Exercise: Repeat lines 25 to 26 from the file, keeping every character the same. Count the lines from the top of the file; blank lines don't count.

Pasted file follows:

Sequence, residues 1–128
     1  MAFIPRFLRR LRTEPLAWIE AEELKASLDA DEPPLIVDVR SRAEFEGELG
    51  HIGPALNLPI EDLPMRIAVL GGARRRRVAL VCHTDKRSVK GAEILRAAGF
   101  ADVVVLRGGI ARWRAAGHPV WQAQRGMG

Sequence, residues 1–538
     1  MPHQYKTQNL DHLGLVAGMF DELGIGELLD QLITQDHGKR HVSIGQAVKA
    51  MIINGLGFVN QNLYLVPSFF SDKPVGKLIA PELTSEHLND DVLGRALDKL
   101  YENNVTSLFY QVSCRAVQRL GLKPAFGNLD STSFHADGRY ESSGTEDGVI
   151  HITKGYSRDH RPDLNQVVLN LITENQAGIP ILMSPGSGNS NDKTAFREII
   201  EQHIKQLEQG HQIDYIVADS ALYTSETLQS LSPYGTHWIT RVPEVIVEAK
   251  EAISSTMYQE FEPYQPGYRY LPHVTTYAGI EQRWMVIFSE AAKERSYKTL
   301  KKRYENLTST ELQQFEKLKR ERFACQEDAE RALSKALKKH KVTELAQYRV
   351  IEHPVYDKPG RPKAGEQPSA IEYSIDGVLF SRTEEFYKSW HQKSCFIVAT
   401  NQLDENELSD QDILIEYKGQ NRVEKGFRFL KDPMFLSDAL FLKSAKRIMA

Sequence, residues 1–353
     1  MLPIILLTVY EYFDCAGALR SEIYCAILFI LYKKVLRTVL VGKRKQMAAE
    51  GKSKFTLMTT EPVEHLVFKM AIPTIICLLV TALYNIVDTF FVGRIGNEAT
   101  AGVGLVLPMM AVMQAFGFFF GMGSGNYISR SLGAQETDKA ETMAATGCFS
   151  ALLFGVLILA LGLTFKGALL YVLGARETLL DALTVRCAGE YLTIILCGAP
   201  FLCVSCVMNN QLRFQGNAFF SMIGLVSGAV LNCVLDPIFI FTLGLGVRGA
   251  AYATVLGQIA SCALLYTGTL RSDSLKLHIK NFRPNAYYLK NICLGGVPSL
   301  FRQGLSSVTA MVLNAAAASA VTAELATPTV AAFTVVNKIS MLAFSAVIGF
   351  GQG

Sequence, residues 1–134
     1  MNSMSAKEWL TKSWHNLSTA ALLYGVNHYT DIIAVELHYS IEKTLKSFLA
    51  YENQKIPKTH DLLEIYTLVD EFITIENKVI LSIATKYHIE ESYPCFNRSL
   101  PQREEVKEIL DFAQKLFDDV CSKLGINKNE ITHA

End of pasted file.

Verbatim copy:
     1  MNSMSAKEWL TKSWHNLSTA ALLYGVNHYT DIIAVELHYS IEKTLKSFLA
    51  YENQKIPKTH DLLEIYTLVD EFITIENKVI LSIATKYHIE ESYPCFNRSL